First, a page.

Dr. Amy Fortney Parks – Owner of The Wise Family: The word wonder has a few definitions. We tend to think about the verb form – “To desire or be curious to know something.” At The Wise Family, we talk about “wonder” in our four-part family exploration model – W- Wonder; I- Insight; S- Strategies; E- Expectations. There is another way to look at wonder, however. And that is the noun form – “A feeling of surprise mingled with admiration, caused by something beautiful, unexpected, unfamiliar, or inexplicable.”
How can you find something WONDER-FUL today in your family? Let’s wonder about that, and more below –
Kasey Cain, Resident in Counseling – Therapist for The Wise Family: Parents want to know the details of their children’s lives to keep them safe and guide them through the world. However, as children grow and develop, they require privacy and independence. “Wondering” what is going on in their lives – and in their heads – can be a full-time job for a parent.
I have some tricks that I am sharing in next week’s blog, but one way of “wondering” that we use in my family is a fun dinnertime ritual. Rituals help bring stability and structure to anything! So maybe at dinner, or the car ride home, everyone shares an “up” and a “down” – something they liked about the day and something less pleasant. Starting this early helps keep the momentum going in the teen years. Or some families do “roses” and “thorns” – same concept, different words. And everyone shares so parents are part of the “wondering” too!
Dominique Adkins, EdD – Therapist for The Wise Family: As teens become absorbed with technology more, it becomes challenging for parents to effectively communicate with them. Parents often feel the best way to know what is going on with their teen is to follow them on Instagram or Snap Chat, which often is a sacred territory for teens. It is important to remember teens are trying to find a balance between their need for independence and the support of parents.
Parents try to provide a safe, encouraging, and nonjudgmental space for dialogues to occur. Limit the number of questions as that often makes teens feel interrogated. Keep the questions open ended instead of closed to avoid the one word answers. Replace your extra questions with a reflection or summary of what your teen said. When all else fails, just listen because when your teen finally opens up they usually just need someone to listen and not fix.
Amanda Beyland, LCSW – Therapist for The Wise Family: When parents are asked what they want most of their kids, the most common reply seems to be that they want their children to be happy. Many parents worry about their children being happy but how do we know if we don’t know what’s going on in their lives!
Parents want to know that their children are safe and sound while kids want to be independent and trusted. When a child does share about his or her day, parents often feel the need to be problem solvers, which to some kids feels like they are being judged. They want to feel that they are competent and able to find a solution on their own. Work on focusing more on listening, less on solutions, and be aware of body language. Even when we aren’t being vocal, we are communicating how we are feeling through shrugs, smiles, and sometimes even eye rolls. Silence often makes us uncomfortable but sometimes it’s hard to verbalize things.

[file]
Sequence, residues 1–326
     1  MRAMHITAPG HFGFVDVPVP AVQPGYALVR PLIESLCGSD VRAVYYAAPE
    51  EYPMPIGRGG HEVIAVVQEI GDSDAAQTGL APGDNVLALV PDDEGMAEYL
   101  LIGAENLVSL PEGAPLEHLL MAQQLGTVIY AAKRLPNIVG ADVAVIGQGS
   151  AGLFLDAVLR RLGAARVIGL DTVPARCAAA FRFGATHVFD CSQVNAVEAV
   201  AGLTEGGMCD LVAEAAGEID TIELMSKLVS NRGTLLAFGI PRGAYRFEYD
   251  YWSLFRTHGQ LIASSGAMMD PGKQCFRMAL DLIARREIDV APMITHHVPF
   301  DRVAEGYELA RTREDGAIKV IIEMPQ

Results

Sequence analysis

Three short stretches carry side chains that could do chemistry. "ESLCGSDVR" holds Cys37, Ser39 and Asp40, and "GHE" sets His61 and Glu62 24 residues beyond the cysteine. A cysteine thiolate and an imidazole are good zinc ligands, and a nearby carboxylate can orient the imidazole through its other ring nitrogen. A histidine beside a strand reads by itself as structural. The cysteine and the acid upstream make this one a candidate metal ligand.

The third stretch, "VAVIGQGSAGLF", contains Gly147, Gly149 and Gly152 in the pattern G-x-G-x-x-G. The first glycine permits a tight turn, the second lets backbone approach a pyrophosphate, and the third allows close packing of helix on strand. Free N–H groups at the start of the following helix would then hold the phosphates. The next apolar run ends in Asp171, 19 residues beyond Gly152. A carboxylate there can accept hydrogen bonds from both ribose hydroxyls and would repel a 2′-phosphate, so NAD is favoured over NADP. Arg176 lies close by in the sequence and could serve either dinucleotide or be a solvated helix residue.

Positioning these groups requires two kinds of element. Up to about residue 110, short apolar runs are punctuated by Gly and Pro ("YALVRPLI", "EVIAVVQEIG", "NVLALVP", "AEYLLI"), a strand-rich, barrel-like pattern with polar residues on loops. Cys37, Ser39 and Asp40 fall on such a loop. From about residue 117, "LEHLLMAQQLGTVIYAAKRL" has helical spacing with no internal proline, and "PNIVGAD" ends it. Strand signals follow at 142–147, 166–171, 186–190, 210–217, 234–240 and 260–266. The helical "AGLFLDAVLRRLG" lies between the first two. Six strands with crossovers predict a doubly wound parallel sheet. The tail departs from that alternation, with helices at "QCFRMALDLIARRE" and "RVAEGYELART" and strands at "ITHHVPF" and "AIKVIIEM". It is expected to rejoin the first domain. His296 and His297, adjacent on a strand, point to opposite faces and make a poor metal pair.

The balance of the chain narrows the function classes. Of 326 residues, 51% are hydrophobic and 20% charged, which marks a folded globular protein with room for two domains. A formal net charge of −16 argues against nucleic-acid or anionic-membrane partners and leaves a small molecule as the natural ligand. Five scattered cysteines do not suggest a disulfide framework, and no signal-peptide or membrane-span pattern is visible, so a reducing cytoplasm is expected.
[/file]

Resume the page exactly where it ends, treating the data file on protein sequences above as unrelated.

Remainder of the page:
Be patient and give children time rather than rushing to help them answer to avoid sitting in silence. The most important part is to just listen; reflect so they know you are hearing them and then let them talk more.
Kelsey Yeager – Counseling Intern for The Wise Family: Parents are deeply invested in the lives of their children. Sometimes, there is almost a craving for all the details of their lives. And for kids, it is important to know that someone is there and willing to listen.
One thing that parents can do with kids, starting from an early age, is create a special talk time. By giving children the gift of time and talking with them we instill in them the knowledge and belief behind the phrase, “you can talk to me about anything”. This special talk time is a time in which kids can ask questions and voice their opinions, their hopes and dreams, as well as the disappointments of the day, without fear of judgement. For some families this may be dinner together at night or once a week. For others it may be breakfast on Saturday morning. It could simply be the 10 minutes in the car on the way home from school or practice.
By starting this with your children when they are little they will have a foundation built for talking and with you. Having this foundation built will be so helpful as they grow older and the topics get more difficult.
Until next week, Be Wise!
“I went home and practiced what Amy taught me…and it worked!”— 8-year-old coaching client
“Amy is like Oprah – she’s the neighbor you love who is very, very smart”— Parent of 14-year-old son and 18-year-old daughter
We read through your website from start to finish and were so impressed by your extensive credentials and training but, the real reason why we want to work with you is your clear enthusiasm for children and families and the wisdom and deep love you share for both!— Mom of 12-year-old child with special needs
“Amy brings together the best emotion-focused strategies with cutting-edge brain science to change the lives of children and families”— Parent of adopted twin girls